The Song period in China [960-1279], at which time the Ten Oxherding Pictures were drawn, was a period of great blossoming; a time of blooming economy, society and culture, an epoch of spiritual, scientific and intellectual renaissance. The dominant school of Chán in that period was that of Línjì [Rinzai in Japanese], characterized by a simple, direct and workaday approach to spiritual life, without holding rituals, words, scriptures, great teachers or various monasteries as sacred or holy. The Línjì sect enjoyed considerable social and cultural influence during this period, and aroused the curiosity and attraction of many students. But this very fact proved as detrimental to the quality of its teaching and practice. As the number of students increased, so did the need for institutionalization, for adopting disciplinary methods and for setting up standards for the methodical practice of Chán. Such practice, up to that point, consisted of direct and personal transmissions form teacher to disciple. As time passed and as a part of the institutionalization of its pedagogy, a unique form of practice developed relying extensively on Koans [Gōng-àn] – ‘crazy conversations’; consisting of meaningless dialogs and obscure actions and designed to free consciousness from the reins of language and common sense. Koan practice has become increasingly bold, skeptical and provocative, forcing the disciple to return to the ubiquitous Buddha-nature without resorting to compromise or sophistry. Alongside the methodological practice of Koans, and as a natural extension of it, thousands of Koans have been collected at that period and compiled in instructional anthologies. This crystallization of a corpus of ‘crazy conversations’ and the establishment of the instructional method was a theoretical and practical expression of the tension and the paradox inherent in the use of words as a predetermined method for awakening. On the one hand, the words’ power, strength and poetical beauty, and on the other, the vanity and entrapment they offer. Koan practice has made Chán somewhat more ordered, but has also provided the continuous methodological foundation preventing its demise as a unique Eastern cultural tradition.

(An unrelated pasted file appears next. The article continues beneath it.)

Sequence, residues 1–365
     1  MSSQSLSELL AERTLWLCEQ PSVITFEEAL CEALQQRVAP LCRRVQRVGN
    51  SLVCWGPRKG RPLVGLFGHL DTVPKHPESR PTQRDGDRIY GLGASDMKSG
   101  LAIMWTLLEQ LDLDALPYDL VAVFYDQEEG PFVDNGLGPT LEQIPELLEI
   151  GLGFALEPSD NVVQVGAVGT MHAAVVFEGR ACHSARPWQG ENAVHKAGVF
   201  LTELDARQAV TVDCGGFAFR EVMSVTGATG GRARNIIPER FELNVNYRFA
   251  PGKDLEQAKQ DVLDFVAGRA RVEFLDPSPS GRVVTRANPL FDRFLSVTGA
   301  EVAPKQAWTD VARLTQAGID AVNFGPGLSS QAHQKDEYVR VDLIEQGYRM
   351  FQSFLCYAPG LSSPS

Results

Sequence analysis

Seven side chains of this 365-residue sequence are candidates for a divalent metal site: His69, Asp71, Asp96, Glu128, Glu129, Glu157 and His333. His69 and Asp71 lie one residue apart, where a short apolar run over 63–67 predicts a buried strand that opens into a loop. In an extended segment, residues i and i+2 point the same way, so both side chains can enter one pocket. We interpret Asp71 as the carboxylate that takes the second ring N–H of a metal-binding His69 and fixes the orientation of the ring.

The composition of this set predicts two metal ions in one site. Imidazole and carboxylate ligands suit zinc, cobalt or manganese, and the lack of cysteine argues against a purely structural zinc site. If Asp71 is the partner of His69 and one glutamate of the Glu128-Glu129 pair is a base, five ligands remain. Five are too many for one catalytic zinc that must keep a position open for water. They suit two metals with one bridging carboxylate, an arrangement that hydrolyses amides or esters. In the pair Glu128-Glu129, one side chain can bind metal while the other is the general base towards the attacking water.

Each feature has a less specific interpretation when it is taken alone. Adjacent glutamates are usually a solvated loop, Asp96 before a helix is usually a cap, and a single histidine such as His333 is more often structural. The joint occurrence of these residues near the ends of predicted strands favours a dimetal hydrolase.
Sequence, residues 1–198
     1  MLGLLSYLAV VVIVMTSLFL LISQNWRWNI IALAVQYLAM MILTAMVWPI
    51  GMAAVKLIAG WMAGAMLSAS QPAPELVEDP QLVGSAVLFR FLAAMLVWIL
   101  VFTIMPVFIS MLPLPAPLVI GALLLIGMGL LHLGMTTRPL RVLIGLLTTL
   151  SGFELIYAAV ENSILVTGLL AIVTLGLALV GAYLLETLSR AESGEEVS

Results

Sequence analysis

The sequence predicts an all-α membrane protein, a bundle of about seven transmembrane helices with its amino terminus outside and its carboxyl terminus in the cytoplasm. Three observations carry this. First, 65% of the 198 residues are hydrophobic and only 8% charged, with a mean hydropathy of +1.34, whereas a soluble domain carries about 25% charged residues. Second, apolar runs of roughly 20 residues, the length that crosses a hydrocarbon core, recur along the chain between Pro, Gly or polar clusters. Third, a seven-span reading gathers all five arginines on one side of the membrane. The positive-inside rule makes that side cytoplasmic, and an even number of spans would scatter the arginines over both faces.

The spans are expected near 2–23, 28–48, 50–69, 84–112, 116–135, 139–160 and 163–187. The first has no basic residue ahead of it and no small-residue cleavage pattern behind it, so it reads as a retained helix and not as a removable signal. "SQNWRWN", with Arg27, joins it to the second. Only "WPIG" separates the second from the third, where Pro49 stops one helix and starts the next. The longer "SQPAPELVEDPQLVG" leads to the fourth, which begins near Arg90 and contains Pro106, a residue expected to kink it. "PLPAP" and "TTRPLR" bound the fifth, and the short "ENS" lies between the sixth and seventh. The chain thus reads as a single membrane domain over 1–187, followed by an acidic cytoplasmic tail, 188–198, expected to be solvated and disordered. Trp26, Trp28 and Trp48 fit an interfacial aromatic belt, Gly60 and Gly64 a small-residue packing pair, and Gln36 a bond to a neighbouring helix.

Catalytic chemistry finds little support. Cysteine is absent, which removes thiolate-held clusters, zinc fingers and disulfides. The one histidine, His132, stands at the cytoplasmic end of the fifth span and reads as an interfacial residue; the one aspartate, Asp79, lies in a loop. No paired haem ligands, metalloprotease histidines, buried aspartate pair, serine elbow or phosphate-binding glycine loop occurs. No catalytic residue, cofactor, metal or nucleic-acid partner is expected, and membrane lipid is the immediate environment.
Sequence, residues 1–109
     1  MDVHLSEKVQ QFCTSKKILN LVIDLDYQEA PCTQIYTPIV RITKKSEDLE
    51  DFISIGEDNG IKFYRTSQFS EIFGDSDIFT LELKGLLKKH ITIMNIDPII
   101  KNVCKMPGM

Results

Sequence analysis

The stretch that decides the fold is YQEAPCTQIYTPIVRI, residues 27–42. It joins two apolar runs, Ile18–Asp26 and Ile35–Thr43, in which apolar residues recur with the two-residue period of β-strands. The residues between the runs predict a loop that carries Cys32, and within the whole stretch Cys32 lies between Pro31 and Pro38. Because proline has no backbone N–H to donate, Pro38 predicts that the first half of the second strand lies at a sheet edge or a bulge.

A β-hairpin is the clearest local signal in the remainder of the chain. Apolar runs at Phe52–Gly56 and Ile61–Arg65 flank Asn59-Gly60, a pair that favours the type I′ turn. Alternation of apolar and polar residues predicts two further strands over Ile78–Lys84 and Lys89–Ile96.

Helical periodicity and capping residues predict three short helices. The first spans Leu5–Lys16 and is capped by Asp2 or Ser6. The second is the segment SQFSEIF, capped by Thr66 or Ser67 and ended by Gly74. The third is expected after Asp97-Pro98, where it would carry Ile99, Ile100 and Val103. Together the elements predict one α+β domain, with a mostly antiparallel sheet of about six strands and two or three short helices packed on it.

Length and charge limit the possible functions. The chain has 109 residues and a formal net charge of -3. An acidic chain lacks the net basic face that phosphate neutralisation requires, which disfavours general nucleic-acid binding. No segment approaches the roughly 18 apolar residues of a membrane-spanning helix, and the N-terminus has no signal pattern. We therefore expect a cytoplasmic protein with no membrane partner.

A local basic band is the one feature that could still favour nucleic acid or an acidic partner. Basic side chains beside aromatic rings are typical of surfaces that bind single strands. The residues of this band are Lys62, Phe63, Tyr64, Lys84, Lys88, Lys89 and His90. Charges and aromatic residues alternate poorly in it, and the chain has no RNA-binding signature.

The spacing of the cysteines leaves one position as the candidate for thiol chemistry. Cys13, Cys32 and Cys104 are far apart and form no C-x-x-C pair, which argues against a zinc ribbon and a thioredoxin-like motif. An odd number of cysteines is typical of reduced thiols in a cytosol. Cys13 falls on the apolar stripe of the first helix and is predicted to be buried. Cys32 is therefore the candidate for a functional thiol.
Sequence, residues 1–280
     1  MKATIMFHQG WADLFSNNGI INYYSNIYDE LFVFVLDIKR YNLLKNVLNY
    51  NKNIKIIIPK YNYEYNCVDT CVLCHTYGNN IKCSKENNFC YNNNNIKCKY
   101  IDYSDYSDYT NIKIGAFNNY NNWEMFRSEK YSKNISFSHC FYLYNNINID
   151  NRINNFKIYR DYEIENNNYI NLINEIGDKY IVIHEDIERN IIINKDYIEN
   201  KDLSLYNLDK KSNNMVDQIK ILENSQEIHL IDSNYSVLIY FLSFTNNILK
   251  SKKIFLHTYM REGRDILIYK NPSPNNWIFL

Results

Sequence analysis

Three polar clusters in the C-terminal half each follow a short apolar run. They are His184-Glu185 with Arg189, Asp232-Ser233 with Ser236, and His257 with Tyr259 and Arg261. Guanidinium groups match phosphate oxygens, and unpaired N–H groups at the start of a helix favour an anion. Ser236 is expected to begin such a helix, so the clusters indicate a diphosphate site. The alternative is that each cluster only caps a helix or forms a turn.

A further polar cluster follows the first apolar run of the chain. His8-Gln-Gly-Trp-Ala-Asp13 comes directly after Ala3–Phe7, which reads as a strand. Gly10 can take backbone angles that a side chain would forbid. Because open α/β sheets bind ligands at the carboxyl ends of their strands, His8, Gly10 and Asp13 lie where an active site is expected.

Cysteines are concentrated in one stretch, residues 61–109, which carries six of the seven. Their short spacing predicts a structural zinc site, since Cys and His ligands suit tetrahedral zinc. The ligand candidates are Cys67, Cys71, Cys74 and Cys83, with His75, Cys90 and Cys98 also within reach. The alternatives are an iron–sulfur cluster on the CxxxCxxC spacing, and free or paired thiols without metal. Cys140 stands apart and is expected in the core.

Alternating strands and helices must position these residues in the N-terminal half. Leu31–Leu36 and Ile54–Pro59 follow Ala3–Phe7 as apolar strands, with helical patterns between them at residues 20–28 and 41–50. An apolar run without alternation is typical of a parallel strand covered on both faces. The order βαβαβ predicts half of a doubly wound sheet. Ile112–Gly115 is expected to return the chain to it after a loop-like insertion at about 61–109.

Apart for Koan based practice, characterizing the southern school, there has also existed a less conventional way, the way of the northern school of Chán. This school believed that the essence of meditation practice lies in a gradual purification of consciousness from all its stains and blemishes. Spiritual practice was required to diminish its scope of theoretical study and discussion, and to prefer sitting in silent meditation in its stead. Such a combination of thought-free silence and awakening – ‘just sitting’ – thus it declared, was the original way of Chán ever since the days of Śākyamuni Buddha.